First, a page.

Nearly half of women ages 30 to 50 have experienced low sex drive at some point.
However, there are treatments that can help.
Stacey Towne, 46, knew there was more to her exhaustion than just being a busy mother of five.
Her husband heard an ad on the radio for Coastal Urology’s Women’s Institute for Sexual Health in Wilmington. That’s when she made a life-changing phone call.
Tests showed her low libido and energy level were due to a lack of testosterone.
“My testosterone was so low it affected my entire day,” Towne said.
Sara Tennant, PA-C, at Coastal Urology explained why women need this male sex hormone.
“Women make testosterone naturally in their bodies just like men do but nowhere near the amount men do but we still need it,” Tennant said. “We start to lose our hormones in our 30s and usually by 50s they are depleted. Most people think of hormone replacement as estrogen but that’s not the only thing we need to replace. Testosterone is responsible for energy, mood, overall sense of wellbeing as well as your sex drive.”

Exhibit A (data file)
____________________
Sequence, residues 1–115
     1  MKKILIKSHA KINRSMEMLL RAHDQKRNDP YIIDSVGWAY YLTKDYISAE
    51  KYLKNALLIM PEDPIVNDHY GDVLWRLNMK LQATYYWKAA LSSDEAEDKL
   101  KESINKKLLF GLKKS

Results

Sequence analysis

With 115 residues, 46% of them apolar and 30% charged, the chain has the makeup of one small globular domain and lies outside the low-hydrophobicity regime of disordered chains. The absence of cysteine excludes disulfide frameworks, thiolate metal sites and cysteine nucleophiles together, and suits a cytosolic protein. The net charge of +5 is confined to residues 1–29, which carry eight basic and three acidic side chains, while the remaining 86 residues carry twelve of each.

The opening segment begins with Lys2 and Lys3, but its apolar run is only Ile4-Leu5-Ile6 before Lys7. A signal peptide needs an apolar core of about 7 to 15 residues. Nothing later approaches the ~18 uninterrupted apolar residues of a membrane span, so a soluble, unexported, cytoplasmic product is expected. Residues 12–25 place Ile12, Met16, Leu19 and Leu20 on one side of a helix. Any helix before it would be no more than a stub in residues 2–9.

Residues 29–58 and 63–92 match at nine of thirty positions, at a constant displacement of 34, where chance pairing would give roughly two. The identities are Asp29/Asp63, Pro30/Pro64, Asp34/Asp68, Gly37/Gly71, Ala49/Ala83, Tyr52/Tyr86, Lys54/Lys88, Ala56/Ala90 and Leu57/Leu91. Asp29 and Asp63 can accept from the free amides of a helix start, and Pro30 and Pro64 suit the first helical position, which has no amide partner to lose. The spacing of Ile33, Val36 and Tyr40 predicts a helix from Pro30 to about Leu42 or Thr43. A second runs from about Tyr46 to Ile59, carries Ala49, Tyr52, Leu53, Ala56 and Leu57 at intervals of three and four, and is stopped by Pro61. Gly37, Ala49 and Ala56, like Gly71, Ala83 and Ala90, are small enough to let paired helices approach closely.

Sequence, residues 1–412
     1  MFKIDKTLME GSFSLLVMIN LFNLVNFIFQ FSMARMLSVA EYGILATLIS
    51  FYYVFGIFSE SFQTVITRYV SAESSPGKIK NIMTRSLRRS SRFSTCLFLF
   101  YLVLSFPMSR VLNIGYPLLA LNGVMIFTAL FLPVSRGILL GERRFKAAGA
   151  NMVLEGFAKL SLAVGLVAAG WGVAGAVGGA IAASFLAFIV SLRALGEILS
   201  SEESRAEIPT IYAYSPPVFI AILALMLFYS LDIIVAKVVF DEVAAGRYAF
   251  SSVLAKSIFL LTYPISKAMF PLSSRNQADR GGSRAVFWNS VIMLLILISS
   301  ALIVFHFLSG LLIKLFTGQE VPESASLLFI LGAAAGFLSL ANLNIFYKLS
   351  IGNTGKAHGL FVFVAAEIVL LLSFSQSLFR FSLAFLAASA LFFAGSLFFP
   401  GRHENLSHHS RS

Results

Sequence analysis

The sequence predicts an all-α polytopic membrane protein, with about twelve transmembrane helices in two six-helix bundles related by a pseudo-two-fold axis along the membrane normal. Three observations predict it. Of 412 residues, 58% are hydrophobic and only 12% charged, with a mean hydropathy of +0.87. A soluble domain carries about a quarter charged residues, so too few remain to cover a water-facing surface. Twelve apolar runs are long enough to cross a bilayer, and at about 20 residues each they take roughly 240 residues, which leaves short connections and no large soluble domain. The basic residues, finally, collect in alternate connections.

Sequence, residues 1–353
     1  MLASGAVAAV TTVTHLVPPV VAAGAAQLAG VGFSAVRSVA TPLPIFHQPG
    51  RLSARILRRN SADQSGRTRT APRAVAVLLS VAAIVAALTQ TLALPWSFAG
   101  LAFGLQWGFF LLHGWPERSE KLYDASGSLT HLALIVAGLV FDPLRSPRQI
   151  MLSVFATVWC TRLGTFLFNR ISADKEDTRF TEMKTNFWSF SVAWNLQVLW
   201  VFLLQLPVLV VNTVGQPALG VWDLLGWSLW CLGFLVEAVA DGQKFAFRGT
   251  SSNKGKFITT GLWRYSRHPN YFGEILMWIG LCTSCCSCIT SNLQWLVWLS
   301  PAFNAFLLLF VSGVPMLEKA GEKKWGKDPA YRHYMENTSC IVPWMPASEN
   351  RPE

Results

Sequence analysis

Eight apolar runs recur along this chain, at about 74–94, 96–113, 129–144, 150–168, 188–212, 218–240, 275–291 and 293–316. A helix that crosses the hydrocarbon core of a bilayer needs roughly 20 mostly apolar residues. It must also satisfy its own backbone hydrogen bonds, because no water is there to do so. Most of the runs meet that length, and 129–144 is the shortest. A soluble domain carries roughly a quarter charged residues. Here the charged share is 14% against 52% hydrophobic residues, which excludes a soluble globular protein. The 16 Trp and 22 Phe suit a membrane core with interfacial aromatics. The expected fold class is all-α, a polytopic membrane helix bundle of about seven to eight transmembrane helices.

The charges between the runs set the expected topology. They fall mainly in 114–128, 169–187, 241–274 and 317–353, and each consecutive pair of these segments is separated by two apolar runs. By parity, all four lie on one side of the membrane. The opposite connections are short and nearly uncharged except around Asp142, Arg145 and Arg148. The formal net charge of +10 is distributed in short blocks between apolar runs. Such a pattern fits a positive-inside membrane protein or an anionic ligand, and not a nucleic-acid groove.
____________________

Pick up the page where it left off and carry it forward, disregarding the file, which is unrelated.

Tennant said there are creams to help boost a woman’s testosterone, but more women are opting for a testosterone pellet, which is implanted under the skin in a quick, 5-minute, outpatient procedure.
Towne had that procedure and said it’s been “magic.”
“For me, this is above and beyond anything I could have asked for,” she said. “We have a big family, so it’s not like we didn’t before but now, it’s enjoyable and I’m the one who says, ‘Hey, honey, you want to?’”
She said she feels more energetic throughout the day. Towne said she recommends the procedure for other women experiencing low libido.
Tennant said she wants women to know if you have a low sex drive, there’s something you can do about it.
“I don’t think women are aware that there’s another treatment other than relax and have a glass of wine,” Tennant said. “It’s really nice to let women know there is an option for them. Men have Viagra; men have options and now women do too. I think a lot of the times, it’s not being spoken about.”
Tennant said though, testosterone treatment is not approved by the FDA for women.
She said that’s because the use of testosterone is not extensively studied in women.
There can be side effects, including hair growth and a lowering of the voice.
The treatment is surprisingly affordable. Insurance covers the blood work and tests leading up to the procedure. Patients have to spend out of pocket for co-pay and $40 a pellet. Tennant said most women need two pellets implanted.
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